My name’s Matt. I have Spina Bifida and use a wheelchair in my daily life.
I’d been out of regular employment for a few years but kept myself active and busy volunteering regularly in sport-related roles. This included being a coach, mentor and referee – as well as occasional tutoring roles with newly qualified coaches.
But as time went by, I started to feel that roles in the sports industry were drying up for me, and my interests had developed toward inclusive education and the charity sector.
I started looking for work but was unsure about my experience. I had been employed outside of the sports sector in the past, but only on short-term contracts.
I thought carefully about skills I had, and I quickly realised my experience volunteering and the commitment I had shown, was something that might make me stand out from other applicants.
As I looked back at all the volunteering I’d done, I noticed that I’d also gained quite a lot of office and IT skills whilst volunteering on committees. I realised that I already had the experience needed for more office and digital-based roles.
So when I saw a job advert with Scope, as a Parent Adviser on their new Navigate service, I was keen to apply.
My lived experience of disability helped me secure a job
The Parent Adviser role would be supporting parents whose children have received a diagnosis within the last year - or started on a pathway to potential diagnosis - of any form of disability or impairment.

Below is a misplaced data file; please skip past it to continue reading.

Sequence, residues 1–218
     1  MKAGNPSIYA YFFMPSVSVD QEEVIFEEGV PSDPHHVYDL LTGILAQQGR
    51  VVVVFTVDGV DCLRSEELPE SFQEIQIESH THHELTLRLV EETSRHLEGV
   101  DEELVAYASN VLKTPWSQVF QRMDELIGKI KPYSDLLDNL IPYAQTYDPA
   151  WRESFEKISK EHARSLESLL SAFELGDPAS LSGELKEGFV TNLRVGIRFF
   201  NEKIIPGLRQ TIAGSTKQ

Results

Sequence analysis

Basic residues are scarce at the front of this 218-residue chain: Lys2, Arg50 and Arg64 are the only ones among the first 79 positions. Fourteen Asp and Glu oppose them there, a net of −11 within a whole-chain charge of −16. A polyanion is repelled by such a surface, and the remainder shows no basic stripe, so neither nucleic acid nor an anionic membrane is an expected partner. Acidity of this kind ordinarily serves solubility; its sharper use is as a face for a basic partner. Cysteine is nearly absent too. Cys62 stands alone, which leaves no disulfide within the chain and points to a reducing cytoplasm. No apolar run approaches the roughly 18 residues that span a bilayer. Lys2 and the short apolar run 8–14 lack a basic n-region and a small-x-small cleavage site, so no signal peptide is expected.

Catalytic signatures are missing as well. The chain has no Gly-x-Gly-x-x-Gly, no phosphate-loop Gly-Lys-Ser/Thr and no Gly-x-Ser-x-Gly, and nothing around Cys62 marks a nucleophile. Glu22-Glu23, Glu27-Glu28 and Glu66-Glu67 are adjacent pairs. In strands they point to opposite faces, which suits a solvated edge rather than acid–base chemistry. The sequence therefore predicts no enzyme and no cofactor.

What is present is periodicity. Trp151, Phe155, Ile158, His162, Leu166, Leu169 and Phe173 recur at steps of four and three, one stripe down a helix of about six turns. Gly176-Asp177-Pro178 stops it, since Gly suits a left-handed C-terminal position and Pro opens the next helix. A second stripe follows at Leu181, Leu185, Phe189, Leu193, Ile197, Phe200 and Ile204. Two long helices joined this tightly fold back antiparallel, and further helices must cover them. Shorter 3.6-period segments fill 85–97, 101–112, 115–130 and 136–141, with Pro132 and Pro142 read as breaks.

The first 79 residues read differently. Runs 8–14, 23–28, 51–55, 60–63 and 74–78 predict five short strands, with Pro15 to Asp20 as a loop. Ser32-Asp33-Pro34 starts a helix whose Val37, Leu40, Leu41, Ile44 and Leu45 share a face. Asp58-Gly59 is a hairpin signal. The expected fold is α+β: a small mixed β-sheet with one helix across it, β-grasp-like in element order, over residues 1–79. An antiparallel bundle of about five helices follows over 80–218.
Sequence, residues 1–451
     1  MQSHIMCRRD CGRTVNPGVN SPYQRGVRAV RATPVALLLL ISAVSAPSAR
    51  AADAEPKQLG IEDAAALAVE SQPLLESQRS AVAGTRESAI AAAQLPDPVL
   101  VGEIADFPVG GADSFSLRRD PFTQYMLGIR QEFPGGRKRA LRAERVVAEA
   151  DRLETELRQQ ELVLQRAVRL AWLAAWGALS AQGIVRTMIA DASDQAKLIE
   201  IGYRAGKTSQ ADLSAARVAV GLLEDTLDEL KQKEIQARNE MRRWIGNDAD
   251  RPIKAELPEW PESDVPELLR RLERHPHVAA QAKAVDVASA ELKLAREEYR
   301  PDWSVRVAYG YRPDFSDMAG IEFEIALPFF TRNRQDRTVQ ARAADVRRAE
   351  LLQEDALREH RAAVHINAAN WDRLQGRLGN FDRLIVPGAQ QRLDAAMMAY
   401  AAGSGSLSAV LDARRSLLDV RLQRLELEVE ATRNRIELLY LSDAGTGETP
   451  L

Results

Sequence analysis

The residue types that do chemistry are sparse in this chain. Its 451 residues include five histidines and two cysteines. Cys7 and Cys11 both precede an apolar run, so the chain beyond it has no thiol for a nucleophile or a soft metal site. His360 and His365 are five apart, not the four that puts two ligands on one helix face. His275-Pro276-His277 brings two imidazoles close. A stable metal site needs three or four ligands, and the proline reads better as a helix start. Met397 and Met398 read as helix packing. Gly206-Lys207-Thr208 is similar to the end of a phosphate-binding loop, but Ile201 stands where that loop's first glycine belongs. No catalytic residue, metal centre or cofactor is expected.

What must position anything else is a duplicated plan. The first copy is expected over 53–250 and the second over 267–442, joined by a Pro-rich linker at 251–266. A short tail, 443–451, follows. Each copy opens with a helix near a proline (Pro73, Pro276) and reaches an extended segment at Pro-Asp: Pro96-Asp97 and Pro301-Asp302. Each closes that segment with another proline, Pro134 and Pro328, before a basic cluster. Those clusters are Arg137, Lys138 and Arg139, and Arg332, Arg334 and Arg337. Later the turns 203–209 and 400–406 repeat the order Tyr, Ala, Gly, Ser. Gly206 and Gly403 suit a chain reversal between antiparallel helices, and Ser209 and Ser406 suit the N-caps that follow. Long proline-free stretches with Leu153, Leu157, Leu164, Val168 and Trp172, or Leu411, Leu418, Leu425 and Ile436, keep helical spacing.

As well as my volunteering experience, I quickly realised my own lived experience of disability was actually a valuable skill I could bring to the role. So I applied and was thrilled to be offered the job!
I started in early 2019 as one of the Parent Advisers based in Cardiff, supporting parents over the phone and online, across England and Wales.
Volunteering gave me transferable skills
Looking back over my volunteering roles, I realised just how much confidence I’d gained through the coaching and mentoring I’d done. And how that experience had led to a voluntary internship with the BBC (as a radio sports reporter), giving me the confidence I’d need to talk to parents.
It’s now clear to me that volunteering gave me so many skills I’ve been able to transfer to the workplace. Even just travelling around the country, when competing in sports, gave me the confidence to travel independently and simply catch a train to work every day.
When I was looking for work, I didn’t think my academic qualifications were really going to make me stand out in the jobs market, and I couldn’t help but feel my wheelchair was likely to (and probably did), put some employers off.
I was so lucky to get the opportunities I did in sport, and am proud that I was committed enough to do the volunteering required to progress in that world. But I never realised, until now, how volunteering would give so many advantages and skills for my future.
My experience through volunteering has helped me overcome so many challenges, and I would advise anyone looking for the edge that might just get employers to look past your disability, to use any volunteering opportunity you can to make it happen.
If you're looking for volunteering opportunities, Scope is a great place to start.